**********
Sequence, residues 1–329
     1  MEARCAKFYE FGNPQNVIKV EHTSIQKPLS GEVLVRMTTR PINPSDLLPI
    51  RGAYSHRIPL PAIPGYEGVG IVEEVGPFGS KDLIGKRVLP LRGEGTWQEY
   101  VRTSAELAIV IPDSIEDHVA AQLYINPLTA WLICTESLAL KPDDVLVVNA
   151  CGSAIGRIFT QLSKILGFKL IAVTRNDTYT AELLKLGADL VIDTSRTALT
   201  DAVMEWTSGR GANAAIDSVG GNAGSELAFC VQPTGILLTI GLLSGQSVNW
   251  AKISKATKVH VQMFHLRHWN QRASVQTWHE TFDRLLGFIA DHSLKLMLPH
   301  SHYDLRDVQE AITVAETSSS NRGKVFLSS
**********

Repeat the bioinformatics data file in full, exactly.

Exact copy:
Sequence, residues 1–329
     1  MEARCAKFYE FGNPQNVIKV EHTSIQKPLS GEVLVRMTTR PINPSDLLPI
    51  RGAYSHRIPL PAIPGYEGVG IVEEVGPFGS KDLIGKRVLP LRGEGTWQEY
   101  VRTSAELAIV IPDSIEDHVA AQLYINPLTA WLICTESLAL KPDDVLVVNA
   151  CGSAIGRIFT QLSKILGFKL IAVTRNDTYT AELLKLGADL VIDTSRTALT
   201  DAVMEWTSGR GANAAIDSVG GNAGSELAFC VQPTGILLTI GLLSGQSVNW
   251  AKISKATKVH VQMFHLRHWN QRASVQTWHE TFDRLLGFIA DHSLKLMLPH
   301  SHYDLRDVQE AITVAETSSS NRGKVFLSS